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Jemila Hart: Celilo Falls Monotypes

June 4, 2011


My colleague Jemila Hart, who is a fellow board member of the Flight 64 print studio in Portland, recently had a show in the space of a series of monotypes she created about the drowning of Celilo Falls by the Dalles Dam. She produced a gorgeous and evocative set of images; I thought them appropriate to upload here. Click through for the full set and for her artist statement regarding the works.

On Sunday March 10th, 1957, the floodgates of the newly built Dalles Dam on the Columbia River were shut. In the course of that afternoon Celilo Falls was inundated and became what is now known as Lake Celilo. Celilo Falls was one of the most important river fisheries in the world,
For the nearby settlement of Celilo village and the numerous tribes that fished the falls, the loss was incomprehensible. The area had been a gathering place and trading center for Native Americans for more than 10,000 years. For the loss of the fishery the US government compensated each enrolled Celilo Indian with $3750.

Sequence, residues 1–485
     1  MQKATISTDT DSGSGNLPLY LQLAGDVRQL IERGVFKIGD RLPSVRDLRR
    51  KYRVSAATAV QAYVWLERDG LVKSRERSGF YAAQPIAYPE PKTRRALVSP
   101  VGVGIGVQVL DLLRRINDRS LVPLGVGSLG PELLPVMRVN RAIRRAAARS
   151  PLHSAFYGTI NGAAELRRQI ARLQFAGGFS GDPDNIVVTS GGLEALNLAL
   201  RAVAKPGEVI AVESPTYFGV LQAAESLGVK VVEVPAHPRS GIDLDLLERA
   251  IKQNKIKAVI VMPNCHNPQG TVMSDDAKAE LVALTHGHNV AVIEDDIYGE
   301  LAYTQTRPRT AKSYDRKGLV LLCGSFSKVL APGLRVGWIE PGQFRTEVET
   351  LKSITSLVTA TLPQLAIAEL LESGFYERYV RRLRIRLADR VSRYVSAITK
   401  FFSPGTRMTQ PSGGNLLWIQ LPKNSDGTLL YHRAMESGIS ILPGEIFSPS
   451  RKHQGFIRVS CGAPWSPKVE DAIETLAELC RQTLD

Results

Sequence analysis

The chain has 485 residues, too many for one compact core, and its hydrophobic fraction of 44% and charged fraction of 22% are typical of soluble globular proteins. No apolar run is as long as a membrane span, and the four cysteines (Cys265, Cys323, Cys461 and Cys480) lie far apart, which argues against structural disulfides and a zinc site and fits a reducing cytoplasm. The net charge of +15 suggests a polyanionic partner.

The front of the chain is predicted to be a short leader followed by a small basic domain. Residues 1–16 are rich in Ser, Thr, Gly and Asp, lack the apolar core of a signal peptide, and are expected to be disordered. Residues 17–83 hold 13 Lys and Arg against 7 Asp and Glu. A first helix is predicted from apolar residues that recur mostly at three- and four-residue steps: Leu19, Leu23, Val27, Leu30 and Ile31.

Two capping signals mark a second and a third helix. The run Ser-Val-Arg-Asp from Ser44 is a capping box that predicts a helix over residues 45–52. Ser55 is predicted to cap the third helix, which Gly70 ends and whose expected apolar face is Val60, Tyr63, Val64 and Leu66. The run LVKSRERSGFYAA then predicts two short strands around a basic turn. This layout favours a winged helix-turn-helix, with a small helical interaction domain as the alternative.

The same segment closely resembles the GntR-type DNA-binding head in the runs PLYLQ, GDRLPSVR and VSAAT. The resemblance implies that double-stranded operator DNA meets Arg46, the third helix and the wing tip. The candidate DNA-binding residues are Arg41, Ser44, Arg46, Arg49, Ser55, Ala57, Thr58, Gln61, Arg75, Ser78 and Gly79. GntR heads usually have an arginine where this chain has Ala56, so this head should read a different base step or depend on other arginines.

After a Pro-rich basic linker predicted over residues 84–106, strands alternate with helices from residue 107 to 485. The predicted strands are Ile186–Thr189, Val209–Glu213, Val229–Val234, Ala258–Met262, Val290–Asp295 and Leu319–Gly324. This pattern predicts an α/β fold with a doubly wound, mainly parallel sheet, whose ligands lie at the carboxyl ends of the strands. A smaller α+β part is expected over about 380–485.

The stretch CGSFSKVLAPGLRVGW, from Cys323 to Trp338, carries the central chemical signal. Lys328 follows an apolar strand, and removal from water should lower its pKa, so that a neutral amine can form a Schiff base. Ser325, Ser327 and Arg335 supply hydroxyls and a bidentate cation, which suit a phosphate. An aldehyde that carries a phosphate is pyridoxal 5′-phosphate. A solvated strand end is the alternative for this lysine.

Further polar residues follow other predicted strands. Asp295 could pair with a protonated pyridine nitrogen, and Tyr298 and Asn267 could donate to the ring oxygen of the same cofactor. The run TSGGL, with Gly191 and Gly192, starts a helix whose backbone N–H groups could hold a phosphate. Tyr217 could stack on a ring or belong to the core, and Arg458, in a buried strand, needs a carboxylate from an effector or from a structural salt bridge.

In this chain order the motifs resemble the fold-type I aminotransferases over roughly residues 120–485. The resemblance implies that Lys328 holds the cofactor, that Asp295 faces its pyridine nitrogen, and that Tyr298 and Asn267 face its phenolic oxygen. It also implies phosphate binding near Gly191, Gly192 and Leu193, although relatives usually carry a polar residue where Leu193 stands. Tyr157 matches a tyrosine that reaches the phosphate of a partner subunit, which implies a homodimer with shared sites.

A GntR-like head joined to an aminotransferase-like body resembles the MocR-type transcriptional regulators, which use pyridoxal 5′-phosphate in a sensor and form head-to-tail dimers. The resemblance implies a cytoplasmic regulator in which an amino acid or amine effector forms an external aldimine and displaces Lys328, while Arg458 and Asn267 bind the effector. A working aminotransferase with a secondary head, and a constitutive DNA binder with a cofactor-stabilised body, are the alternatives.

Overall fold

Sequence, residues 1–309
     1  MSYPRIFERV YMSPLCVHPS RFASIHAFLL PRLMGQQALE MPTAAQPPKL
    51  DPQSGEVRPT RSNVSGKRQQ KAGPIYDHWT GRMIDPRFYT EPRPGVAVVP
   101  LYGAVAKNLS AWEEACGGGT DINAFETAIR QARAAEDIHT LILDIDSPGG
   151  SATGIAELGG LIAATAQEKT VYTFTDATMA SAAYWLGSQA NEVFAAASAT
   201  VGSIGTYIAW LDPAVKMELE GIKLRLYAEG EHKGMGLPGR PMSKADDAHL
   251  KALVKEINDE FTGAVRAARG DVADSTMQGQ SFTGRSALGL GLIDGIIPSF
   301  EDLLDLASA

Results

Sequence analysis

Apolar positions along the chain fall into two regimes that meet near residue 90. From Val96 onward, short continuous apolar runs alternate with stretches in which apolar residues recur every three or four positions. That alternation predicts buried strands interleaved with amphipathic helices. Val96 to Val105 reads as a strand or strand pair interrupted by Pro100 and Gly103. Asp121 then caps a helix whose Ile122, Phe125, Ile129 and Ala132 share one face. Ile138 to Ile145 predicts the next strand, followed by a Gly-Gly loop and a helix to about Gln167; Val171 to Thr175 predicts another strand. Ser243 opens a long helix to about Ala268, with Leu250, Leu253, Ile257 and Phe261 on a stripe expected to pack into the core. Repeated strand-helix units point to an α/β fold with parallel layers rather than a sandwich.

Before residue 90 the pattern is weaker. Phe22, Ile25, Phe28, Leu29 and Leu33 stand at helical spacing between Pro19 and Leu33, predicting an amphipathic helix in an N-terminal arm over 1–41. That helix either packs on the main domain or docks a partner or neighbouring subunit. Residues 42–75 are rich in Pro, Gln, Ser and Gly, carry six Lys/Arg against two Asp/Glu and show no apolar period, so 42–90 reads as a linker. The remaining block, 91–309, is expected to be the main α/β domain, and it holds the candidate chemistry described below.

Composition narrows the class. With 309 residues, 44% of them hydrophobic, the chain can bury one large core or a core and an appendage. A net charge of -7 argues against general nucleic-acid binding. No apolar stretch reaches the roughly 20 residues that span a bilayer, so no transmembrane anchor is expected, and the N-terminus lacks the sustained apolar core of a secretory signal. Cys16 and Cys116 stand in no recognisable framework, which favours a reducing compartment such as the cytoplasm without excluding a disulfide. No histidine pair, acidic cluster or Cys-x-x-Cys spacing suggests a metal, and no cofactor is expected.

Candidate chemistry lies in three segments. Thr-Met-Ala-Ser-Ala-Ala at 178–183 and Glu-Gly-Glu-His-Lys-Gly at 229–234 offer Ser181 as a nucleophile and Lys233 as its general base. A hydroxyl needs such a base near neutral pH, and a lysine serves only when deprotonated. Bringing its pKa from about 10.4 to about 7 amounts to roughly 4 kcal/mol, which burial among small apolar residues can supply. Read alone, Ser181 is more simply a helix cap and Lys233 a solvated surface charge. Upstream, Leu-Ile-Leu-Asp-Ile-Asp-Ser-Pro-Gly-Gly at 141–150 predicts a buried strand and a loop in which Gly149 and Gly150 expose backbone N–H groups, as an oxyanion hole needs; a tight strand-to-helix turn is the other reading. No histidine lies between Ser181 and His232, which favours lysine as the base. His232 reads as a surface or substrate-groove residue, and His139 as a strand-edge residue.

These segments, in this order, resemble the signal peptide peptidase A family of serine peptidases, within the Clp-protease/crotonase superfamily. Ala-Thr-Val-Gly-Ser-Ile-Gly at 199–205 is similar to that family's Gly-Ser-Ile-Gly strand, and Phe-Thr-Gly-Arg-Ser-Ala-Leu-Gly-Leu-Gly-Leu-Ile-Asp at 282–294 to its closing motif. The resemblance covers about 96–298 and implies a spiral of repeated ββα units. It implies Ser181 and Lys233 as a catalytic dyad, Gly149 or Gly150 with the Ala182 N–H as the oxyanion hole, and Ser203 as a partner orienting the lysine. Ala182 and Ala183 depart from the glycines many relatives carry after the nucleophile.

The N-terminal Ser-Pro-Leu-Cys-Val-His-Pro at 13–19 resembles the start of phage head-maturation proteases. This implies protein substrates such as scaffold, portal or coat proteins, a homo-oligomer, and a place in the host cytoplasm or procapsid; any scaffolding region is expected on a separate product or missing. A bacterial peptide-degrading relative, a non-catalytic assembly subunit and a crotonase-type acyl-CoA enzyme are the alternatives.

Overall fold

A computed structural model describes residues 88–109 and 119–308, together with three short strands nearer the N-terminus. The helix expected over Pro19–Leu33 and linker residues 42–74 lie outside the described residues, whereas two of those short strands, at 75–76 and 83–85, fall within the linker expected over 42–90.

A narrative of progress in the region spurred the construction of dams on the Columbia; a narrative that said that the “wasted” energy of a naturally flowing river should be harnessed for the greater good of bringing jobs to the region and light to the common man.
Many who experienced Celilo Falls spoke of the roar of the river as it rushed and fell and how this was replaced by a great silence, broken now only by the steady rumble of traffic on nearby Interstate 84.
The prints in this series are monotypes. They are created by applying layers of ink to a piece of plexiglass and then transferring them to paper through the use of a printing press.



Saving Change

Celilo Falls

Your Darkness to Dawn: March 10th, 1957

Waiting for Celilo

The New Horizon

Environment & ClimateHistoryIndigenous Resistance

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